I am at the Masters Conference, a leading e-discovery conference. This a real-time report on the session The Positive Impacts of Records and Information Management on E-Discovery

– Courtney Ingraffia Barton, Crowell & Moring
– Laura A. Zubulake, Consultant and Author
– Donna Vitalie, AOL
– Maura Dunn, Duff and Phelps
– Christina Ayiotis, CSC [moderator]

Donna Vitalie presents:

  • Business runs on information: decision making, develop new products, collaboration, customer information, staff management, etc.
  • An active records management (RM) program helps move from the ocean of information to meeting e-discovery requirements
  • RM is critical to EDD preparedness; in addition, it can help business with quick access to operational information, reduced costs of IT, consistent treatment of recrods (including destruction), and legal hold management.
  • To illustrate how RM can work at its best, consider a structured scenario for procuring vendor services:
    – Check a contract management system (CMS) for approved vendors, MSAs, other useful docs or information
    – Use the CMS to build the request for proposal, distribute to vendors, and collect responses online
    – Capture final contract in CMS – now vendor work is underway
    – The actual work and invoices will be tracked in an ERP (enterprise resource planning) system
    – As long as workers use these two systems, managers and auditors only have to look in two places for all relevant information [As a records manager, you have to make sure above systems work or managers will work outside the systems, leaving records in many different places]
    – In this scenario, the “records footprint” is limited to two systems.

  • In reality, some work will probably occur out of these two systems. But with a structured solution like this, in e-discovery, you can limit where you have to look.

Maura Dunn presents on RM under litigation, audit, or investigation:

  • In a structured program as described above, you know where data and docs reside
  • In reality though, there may be many places to look. Business applications include desktop apps, e-mail, ERP, CRM, and imaging systems. At the enterprise level, there are many separate systems.
  • In the old days, RM was an afterthought. But now, with all these systems in use, RM had to occur in real time. But in stealth manner because workers don’t want actively to participate in RM. So RM has to fit in seamlessly with the varied systems in use.
  • Records destruction is hard today. Paper is easy – just shred it. But what is a record today? Do we delete just one record in a database? Records managers need to understand all the systems in use. And you need a plan for holds and destruction.
  • EDD has a series of separate tools. These are not designed for daily business operations. Nor should they be. You need a strategy of holds or freezes to use these appropriately.
  • Once an e-discovery need arises and you need a hold, you must identify custodians and storage locations. Then collect, preserve, and review.
  • One challenge is that data moves over time. Between archival processes, employees leaving, and normal operations of IT migration processes, data created in one place may eventually reside elsewhere. Typical stats: software upgrades very 18 months and hardware upgrades every 3 years. Another rule of thumb: you can’t open files after two major versions forward. Even if you can, you are likely to lose data and/or formatting. So to say 5 years later that you have an authentic representation of the original is very hard.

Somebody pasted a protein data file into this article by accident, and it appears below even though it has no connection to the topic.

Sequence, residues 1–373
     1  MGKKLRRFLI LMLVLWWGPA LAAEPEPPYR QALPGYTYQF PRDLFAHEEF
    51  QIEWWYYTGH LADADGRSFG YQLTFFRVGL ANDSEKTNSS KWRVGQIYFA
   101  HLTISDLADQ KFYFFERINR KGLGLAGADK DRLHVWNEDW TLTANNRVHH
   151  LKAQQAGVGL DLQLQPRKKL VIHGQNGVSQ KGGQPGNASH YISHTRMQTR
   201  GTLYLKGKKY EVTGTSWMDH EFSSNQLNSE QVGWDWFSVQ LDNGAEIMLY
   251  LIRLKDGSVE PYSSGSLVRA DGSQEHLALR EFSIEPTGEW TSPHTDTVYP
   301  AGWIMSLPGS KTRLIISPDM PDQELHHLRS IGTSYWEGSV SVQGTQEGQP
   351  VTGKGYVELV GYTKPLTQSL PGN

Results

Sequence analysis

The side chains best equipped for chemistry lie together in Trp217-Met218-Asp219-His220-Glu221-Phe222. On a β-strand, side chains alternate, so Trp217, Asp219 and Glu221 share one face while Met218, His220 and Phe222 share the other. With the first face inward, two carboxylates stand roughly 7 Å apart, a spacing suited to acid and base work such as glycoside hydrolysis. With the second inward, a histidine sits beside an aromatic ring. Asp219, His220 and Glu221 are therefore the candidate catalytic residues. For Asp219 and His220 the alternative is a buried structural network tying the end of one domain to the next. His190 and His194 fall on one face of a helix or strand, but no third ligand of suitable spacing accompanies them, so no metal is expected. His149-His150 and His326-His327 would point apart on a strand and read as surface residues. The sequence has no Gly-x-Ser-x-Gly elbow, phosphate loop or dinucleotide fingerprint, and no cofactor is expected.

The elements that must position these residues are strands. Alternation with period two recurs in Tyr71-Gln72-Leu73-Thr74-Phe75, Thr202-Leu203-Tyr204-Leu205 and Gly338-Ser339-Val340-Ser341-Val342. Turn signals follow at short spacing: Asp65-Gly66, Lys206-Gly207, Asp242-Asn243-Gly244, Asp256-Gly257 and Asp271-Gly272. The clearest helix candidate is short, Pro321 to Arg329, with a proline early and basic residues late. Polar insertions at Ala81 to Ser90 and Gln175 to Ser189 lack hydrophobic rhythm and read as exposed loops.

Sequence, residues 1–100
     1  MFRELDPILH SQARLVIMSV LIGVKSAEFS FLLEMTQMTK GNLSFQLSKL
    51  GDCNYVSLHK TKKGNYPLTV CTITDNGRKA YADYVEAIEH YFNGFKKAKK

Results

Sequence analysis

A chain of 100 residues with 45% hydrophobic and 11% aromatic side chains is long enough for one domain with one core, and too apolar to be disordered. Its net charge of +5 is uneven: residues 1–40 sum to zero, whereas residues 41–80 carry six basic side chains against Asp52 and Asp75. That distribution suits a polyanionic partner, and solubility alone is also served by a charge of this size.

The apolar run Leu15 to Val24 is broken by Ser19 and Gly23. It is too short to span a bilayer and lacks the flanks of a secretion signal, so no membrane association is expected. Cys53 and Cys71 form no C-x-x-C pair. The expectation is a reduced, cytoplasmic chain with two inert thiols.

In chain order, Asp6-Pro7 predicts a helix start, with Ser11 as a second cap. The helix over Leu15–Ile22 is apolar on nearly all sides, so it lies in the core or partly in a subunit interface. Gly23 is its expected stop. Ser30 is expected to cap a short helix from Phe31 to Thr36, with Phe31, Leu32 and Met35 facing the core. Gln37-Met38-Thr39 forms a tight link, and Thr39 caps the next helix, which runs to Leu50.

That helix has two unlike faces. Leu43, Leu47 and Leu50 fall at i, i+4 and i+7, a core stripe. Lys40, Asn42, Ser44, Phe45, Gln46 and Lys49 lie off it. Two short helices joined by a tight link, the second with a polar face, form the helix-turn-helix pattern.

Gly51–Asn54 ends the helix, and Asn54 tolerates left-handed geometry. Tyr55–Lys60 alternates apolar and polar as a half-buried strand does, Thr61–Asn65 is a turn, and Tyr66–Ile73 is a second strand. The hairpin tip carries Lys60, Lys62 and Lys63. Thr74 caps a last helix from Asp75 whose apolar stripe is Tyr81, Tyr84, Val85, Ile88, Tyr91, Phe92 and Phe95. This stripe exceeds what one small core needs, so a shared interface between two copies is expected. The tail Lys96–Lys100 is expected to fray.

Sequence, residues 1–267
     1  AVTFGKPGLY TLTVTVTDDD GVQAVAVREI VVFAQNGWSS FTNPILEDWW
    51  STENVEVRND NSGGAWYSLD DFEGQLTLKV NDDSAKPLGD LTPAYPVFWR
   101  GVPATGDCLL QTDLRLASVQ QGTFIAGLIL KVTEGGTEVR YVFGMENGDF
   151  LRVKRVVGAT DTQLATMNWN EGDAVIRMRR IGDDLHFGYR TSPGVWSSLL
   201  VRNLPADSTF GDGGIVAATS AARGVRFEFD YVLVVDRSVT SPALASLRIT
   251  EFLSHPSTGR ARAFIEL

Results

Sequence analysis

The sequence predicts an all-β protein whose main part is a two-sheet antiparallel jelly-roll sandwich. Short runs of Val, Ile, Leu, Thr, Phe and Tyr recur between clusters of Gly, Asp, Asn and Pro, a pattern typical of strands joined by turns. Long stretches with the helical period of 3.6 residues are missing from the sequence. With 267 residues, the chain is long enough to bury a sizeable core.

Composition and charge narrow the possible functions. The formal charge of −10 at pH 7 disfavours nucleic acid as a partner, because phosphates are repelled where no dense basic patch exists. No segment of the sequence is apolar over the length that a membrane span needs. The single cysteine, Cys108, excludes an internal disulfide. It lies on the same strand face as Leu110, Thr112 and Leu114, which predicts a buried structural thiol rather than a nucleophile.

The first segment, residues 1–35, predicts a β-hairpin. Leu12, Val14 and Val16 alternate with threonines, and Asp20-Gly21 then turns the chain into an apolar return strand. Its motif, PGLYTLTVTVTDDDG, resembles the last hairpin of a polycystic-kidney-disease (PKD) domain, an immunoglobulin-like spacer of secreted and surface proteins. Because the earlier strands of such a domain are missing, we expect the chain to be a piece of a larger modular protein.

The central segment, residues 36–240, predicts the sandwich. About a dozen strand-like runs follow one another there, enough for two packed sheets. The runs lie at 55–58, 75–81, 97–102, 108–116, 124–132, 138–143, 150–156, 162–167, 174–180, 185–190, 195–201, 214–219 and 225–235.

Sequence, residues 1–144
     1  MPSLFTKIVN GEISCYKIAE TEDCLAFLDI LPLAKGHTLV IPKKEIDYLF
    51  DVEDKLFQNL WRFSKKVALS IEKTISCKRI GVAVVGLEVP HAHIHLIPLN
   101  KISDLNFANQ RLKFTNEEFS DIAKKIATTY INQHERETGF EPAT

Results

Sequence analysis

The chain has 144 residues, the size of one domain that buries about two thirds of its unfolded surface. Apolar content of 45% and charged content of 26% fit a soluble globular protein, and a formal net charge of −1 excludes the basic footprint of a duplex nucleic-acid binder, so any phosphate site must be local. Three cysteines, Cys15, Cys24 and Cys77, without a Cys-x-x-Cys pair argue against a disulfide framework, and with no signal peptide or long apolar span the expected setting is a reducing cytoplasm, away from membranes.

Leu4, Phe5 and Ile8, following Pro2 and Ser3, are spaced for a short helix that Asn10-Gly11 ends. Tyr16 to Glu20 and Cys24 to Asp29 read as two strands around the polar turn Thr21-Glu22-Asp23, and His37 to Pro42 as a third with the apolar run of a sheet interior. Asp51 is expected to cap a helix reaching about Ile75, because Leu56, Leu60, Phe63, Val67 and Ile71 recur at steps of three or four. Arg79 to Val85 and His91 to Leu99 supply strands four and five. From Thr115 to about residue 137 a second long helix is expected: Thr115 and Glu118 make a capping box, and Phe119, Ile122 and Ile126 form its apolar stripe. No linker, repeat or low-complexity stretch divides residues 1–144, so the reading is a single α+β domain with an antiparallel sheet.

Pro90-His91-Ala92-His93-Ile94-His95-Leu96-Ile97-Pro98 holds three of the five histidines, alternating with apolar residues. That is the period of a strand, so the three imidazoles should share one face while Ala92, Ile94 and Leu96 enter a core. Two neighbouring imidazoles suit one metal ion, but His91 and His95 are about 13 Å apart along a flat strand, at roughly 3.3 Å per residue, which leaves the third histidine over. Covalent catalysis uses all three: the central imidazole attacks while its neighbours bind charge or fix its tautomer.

• It’s one thing to start a litigation hold, it’s another to release it. You need a plan of what to do with records post-release.

Courtnoy outlines three main challenges for clients:

  • 1. Getting money to fund RM programs. But consider that a cost of EDD is the possibility of court sanctions if you don’t do RM right. Unfortunately, proving cost of this is hard. It’s easier to quantify the cost of dealing with the volume of data. By having a good RM program, you can demostrate savings in processing
  • 2. Where do you start? Just start – put a program in place. Improvise as you go is better than not starting.
  • 3. How do you implement and enforce? You need good program and managers. If not, you have to think how your organization works best at enforcing other policies. Training will be key, as will the right technologies.

Laura Zubulake (plaintiff in eponymous case). How knowing how your business actually runs can help you locate important records.

  • From various records management requirements imposed by regulators, she knew that records had to exist (or were supposed to).
  • Product v. country reporting lines. Knowledge of the management structure help illuminate where records would lie.
  • From daily business operations, knew how reliant entire organization was on e-mail. So knew that there was a large corpus of message. Similarly, there was instant messaging (IM), then called chat.
  • Chat tools were known not to be very private. So understood that any written communication about here would almost certainly be conducted in e-mail, not IM / chat.
  • Understood a bit about back-end technology. Limited server space meant limits on inbox controls. Being away two weeks would fill inbox and restrict sending outgoing messages. Seeing this helped figure out back-end RM.
  • There was a “double delete” process. User delete did not really delete files. There were additional steps required